Estelle Blanchette, founder of Jasper Food Tours, explains to Steve Hartridge how she’s helping visitors explore the town's history and culture through its cuisine

In the beginning

Self-confessed foodie Estelle Blanchette was working as the media and distribution manager for Tourism Jasper when she took a food tour in Vancouver and had a eureka moment.

“Jasper also needs this,” she thought and, given her background as a hotel manager and overseeing kitchens and restaurants, realised she could be the one to put it together. Jasper Food Tours was born, daily-operated three-hour walking tours that start out (at 14.30) from the town's Visitor Information Center – with no minimum number of participants required for them to run.

The tours showcase Jasper's diverse food scene but also take in the small railway town’s rich history – such as its once-role in the fur trade – its mountain culture and some of its communities.

Eclectic cuisine

The small group tours weave around Jasper’s historic attractions, including Locomotive 6015, the Two Brothers Totem Pole and the Jasper Heritage Fire Hall, stopping for refreshments at four locally-owned restaurants where guests are served a dish paired with an alcoholic or soft drink.

The restaurants, chosen not only for the quality of their food but also for their backstories and their community involvement, are very different from each other, which demonstrates the diversity of Jasper’s cuisine, which Estelle describes as ‘eclectic’.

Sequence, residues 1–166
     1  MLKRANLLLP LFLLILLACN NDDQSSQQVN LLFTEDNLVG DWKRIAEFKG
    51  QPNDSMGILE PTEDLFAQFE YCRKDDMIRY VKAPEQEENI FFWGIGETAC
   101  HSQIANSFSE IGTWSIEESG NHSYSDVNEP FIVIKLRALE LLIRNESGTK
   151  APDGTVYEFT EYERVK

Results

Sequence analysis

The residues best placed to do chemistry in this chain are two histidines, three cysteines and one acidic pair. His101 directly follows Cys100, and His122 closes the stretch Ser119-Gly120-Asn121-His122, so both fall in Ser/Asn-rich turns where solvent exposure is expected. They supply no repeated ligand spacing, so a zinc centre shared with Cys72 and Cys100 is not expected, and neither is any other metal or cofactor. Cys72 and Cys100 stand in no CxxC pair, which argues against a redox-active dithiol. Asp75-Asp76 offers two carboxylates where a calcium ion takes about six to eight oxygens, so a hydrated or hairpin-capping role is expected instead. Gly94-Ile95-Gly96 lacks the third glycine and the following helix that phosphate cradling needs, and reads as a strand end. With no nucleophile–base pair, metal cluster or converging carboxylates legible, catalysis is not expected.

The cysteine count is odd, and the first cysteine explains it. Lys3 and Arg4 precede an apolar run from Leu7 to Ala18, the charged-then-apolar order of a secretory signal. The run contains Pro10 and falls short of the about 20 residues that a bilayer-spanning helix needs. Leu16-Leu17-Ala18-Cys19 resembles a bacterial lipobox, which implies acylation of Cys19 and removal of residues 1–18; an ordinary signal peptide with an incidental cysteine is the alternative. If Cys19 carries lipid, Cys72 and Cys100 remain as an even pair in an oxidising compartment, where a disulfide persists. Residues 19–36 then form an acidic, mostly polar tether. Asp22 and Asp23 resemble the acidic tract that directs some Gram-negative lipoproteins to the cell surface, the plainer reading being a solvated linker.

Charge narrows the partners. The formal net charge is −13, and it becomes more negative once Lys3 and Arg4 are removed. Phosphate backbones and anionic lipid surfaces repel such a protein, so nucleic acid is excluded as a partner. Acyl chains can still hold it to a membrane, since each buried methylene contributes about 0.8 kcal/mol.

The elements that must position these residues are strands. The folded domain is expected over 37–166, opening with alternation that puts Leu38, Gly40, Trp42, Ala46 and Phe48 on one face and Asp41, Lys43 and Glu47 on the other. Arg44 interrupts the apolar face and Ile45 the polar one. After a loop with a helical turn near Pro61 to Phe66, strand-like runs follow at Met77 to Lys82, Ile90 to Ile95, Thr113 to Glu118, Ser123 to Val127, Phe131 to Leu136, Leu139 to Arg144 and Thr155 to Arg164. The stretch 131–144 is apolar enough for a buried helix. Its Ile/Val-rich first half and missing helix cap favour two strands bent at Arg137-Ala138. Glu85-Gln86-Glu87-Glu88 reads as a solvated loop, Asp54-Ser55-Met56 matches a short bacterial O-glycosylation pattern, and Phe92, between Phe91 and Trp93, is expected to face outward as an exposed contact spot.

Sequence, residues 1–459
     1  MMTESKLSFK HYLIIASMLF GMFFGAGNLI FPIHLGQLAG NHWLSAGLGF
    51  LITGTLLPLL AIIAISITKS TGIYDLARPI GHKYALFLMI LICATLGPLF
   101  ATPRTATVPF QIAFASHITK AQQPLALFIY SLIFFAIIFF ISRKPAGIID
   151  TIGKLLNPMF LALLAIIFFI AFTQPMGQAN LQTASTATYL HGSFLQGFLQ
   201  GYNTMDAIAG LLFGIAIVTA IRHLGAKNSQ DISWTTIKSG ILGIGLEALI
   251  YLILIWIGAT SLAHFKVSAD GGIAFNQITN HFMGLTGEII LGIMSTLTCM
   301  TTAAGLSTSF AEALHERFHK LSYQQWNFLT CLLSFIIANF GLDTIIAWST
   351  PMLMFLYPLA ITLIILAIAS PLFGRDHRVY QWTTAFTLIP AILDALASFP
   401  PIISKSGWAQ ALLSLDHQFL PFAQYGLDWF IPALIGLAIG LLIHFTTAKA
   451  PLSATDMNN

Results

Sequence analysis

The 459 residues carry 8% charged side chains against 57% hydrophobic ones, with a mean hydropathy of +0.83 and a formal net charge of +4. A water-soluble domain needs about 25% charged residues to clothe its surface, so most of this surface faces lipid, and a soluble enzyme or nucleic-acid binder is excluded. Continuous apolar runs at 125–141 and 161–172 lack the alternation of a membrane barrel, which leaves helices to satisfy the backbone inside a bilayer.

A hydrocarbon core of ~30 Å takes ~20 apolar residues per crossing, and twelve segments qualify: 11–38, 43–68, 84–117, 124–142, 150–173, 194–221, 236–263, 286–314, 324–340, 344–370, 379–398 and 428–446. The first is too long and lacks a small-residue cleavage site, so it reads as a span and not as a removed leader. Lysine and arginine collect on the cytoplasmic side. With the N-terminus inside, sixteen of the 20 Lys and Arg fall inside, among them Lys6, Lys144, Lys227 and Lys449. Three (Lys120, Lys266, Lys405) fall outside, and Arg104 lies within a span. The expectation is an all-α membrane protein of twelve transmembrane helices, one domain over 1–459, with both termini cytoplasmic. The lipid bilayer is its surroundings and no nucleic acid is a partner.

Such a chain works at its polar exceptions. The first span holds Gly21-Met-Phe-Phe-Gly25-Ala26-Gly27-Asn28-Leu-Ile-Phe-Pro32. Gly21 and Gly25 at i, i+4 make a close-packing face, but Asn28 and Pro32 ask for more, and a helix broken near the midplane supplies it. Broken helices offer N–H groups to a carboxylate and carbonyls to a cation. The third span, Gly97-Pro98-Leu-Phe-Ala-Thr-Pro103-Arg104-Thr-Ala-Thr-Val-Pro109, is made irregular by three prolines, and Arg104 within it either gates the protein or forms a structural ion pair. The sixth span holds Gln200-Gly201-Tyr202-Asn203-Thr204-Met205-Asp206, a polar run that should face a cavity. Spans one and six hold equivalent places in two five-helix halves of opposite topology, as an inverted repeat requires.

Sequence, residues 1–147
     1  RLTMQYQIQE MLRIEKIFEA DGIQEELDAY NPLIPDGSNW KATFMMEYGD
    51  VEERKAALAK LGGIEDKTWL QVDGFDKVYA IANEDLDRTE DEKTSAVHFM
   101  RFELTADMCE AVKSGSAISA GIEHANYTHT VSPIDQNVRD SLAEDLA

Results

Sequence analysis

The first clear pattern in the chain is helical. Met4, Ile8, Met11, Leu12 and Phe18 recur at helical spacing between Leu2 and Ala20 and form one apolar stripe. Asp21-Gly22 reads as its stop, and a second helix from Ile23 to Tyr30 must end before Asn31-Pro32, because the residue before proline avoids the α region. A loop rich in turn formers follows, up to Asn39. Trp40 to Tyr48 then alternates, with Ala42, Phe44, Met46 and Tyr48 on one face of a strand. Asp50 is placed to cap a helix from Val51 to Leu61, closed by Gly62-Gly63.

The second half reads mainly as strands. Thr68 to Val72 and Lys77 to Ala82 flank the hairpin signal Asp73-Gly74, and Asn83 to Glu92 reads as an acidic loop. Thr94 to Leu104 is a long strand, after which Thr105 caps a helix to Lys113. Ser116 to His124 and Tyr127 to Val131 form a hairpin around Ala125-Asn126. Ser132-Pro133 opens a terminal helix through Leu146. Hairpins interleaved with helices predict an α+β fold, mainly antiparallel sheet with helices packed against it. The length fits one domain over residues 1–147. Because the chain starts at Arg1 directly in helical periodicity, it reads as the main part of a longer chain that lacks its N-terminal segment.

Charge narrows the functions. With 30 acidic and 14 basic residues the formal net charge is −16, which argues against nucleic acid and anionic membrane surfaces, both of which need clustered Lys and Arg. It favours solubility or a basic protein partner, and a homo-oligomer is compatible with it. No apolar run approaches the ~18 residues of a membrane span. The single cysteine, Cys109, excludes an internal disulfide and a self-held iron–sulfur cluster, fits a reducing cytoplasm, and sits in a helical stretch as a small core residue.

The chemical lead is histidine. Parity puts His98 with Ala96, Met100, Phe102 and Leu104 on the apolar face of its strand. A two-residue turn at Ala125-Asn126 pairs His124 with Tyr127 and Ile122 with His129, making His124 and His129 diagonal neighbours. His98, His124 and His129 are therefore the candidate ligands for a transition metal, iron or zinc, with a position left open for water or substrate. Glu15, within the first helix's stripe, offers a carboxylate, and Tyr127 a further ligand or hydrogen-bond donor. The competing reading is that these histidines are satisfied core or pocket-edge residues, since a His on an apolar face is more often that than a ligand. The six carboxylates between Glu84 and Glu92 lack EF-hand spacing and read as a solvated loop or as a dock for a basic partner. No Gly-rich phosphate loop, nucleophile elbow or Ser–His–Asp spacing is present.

“You’ll find plenty of Canadian classics, with lots of the beef Alberta is famed for, and game meat. We also have a growing craft brewery scene, but it’s the people that really inspire the cuisine in town,” she adds.

“There is an important Greek influence here and international fusions of all sorts. The food is very much a reflection of our diverse community.

“In fact, most of the workforce here isn’t from Jasper or even Canada.

"People come to the town from all corners of the world on a working holiday: we have lots of Australians, and those from all over Europe, Asia, Mexico and the Caribbean.

"They are the ones inspiring the cuisine, hence why you may find a beautiful BC Wild Sockeye Salmon served with gorgeous Pico de Gallo,” she added.

Jasper’s local and international mix is reflected in Estelle’s choice of restaurant stops on her tour.

These include the Raven Bistro, a Moroccan/Mediterranean fusion restaurant; the Mediterranean-style Olive Bistro; the more traditional Jasper Brewing Co, the first brewery to operate in a Canadian National Park and the founding brewery of the Bearhill Family of Alberta breweries; and the De’d Dog Bar in the historic Astoria Hotel, owned by the Andrews family for four generations.

Community stories

“We talk a lot about the entrepreneurs behind each restaurant, their family and connection with the community,” said Estelle, who has taken her business to new heights this year with the launch of a Peak-Nic tour, a 3.8 kilometre hike to the top of a local peak followed by a backcountry cooking lesson.

While farm-to-table food sourcing isn’t easy to achieve in Jasper, due to its mountain location, the Jasper Local Food Society brings weekly farmers markets to town in the summer. The society is also responsible for the community gardens project, which Estelle and her guests visit on the Food Tour.

Jasper Food Tours work with all the major receptive wholesalers that partner with UK tour operators. •